Although just "fast ethernet" (100Mbps) is all that's required for the Transporter, the house is wired for gigabit and I've used generic Cat-6 cables for the Transporter to the gigabit switch. I'm quite pleased that I can easily transfer >100MB/s between machines around the home. All balanced audio cables were inexpensive (but good build) Monoprice Premier XLR's from 3-6' in length. Over the months, I've used Monoprice cables to measure balanced output from my DACs and the results have been excellent, not unexpectedly.

In the same vein, speaker cables are Monoprice 12-guage "Enhanced Loud" (LOL!) OFC. Monoblock to front speakers only 4', center channel 6', rears at most 25'; cut to minimum lengths required. I bought a 100' spool for $30 and still have some left.

II. Multichannel signal path:

I love multichannel music! The realism achievable can be amazing and IMO anything that enhances the creative potential of artists can't be a bad thing. Remember that historically multichannel speaker configurations were being explored along side 2-channel stereo. 3-channel stereophonic sound was demonstrated by Bell back in 1933 and the right-center-left "3.0" arrangement was used in some of the earliest "Fantasound" systems for Disney's Fantasia when released back in 1940. Having a center speaker in a theater setting allows the anchoring of front-and-center sound which improves the imaging for those not sitting precisely in the "sweet spot". For music, likewise it helps especially for solo/vocal tracks. For example, the Analogue Productions' Nat "King" Cole SACDs like The Very Thought Of You presented in 3.0 sounds phenomenal with this arrangement with Nat sounding like he's right in front of you crooning.

More than 10 years ago, I built a discreet multichannel system based on my old Denon AVR-3802 receiver. However, I had to give up the 5.1 setup when my kids came 8 years back to make room. After many years in "pure stereo" wilderness, I'm glad to finally be back with a full 5.1 setup again! Here's how it's hooked up:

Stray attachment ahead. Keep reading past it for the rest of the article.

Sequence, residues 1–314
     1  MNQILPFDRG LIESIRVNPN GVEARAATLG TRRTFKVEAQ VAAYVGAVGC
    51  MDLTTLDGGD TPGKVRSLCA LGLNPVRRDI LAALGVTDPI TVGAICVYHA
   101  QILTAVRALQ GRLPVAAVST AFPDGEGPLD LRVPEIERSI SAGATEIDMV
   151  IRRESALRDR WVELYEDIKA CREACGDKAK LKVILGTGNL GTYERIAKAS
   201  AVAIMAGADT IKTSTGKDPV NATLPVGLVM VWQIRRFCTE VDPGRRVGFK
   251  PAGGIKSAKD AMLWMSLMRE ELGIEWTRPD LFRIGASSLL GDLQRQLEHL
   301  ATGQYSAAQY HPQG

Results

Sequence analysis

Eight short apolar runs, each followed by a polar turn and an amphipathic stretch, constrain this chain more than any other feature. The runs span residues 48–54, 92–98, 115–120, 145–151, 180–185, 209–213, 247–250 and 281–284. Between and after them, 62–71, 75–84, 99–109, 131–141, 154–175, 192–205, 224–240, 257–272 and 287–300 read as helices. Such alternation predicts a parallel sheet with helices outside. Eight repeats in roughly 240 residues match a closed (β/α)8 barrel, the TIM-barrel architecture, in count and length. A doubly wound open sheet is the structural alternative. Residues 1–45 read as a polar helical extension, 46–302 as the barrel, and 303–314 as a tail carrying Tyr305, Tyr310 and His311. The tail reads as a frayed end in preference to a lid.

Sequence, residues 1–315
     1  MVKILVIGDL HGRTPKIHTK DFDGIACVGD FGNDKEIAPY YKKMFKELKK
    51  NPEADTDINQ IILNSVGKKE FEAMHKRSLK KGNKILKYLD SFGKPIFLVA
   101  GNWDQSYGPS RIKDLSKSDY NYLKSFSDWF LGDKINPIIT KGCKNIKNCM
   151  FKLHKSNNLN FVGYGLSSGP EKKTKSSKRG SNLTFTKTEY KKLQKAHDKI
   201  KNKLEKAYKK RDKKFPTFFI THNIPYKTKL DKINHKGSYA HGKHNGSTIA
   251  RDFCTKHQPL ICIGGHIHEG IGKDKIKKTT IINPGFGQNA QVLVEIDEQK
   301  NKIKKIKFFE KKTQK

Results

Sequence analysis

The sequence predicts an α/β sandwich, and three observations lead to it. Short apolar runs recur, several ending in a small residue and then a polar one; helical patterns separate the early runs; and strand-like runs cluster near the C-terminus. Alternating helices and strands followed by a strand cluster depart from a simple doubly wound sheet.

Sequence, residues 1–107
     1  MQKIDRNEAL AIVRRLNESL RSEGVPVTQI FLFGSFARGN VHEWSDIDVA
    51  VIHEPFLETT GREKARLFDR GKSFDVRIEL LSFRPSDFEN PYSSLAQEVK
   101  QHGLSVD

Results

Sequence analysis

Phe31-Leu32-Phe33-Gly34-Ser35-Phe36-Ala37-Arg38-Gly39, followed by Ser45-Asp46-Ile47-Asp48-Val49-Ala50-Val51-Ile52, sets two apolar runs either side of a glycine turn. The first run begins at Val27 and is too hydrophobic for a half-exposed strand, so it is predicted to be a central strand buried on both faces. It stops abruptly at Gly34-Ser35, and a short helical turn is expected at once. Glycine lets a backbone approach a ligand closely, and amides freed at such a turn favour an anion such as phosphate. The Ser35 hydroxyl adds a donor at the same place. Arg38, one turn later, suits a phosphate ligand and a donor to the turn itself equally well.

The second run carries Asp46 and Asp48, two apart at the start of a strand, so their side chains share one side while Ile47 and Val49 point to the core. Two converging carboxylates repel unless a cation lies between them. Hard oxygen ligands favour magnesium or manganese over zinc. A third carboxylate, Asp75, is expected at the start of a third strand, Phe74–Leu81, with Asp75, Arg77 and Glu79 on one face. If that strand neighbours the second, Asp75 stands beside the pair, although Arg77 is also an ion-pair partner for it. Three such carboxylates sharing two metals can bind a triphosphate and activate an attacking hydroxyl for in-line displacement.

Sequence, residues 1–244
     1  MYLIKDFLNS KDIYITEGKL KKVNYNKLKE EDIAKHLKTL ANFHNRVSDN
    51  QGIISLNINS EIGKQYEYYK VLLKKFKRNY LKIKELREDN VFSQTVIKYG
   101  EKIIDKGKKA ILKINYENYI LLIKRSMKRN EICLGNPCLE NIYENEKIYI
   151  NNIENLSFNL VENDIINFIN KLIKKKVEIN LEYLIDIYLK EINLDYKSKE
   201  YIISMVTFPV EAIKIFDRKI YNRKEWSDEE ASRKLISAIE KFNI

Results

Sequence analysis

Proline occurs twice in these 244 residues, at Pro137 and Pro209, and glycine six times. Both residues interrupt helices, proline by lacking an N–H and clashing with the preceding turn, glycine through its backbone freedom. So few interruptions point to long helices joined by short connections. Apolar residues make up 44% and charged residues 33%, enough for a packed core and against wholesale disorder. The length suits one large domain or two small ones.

Win8 HTPC / Panasonic Blu-Ray --> Energy HDMI --> Onkyo TX-NR1009 (amplifies rears and center, up to 145Wpc 2-channel measured) --> unbalanced RCA --> Emotiva XSP-1 preamp (HT Bypass Mode with channel to SUB1) --> Emotiva XPA-1L monoblock --> Paradigm Signature S8 fronts

Center speaker = Paradigm Signature C3
Rear speakers = Paradigm Studio 80 v.2 (tonal balance complements the Signatures reasonably well)

As you can see, my rears are full range towers.  I'm aiming for speaker layout angles approximating the ITU-R BS.775-3 (08/2012) recommendation at the "sweet spot" position:

I suppose I have room for a full 7.1 surround setup with 2 extra speakers to either side using the Onkyo receiver... Another SUB1 for 5.2 or 7.2 would give insane bass! One of many projects for the future, I suppose. I am unaware of any music I want available in 7.1 at this time and I suspect a TV upgrade to something like 80" would be more likely.

III. Challenges...

In a moderately complex setup, it's not surprising to find some challenges along the way. The main thing I found was that for multichannel, the Home Theater Bypass setting on the XSP-1 was very sensitive to noise. I had to move the PC to the left side about a foot from the subwoofer and ~5' from the XSP-1 to get rid of RF noise picked up by the preamp. Also, I had to use a "cheater plug" for the LG 55" HDTV mounted against the wall to remove ground loop noise. This was the relatively easy stuff!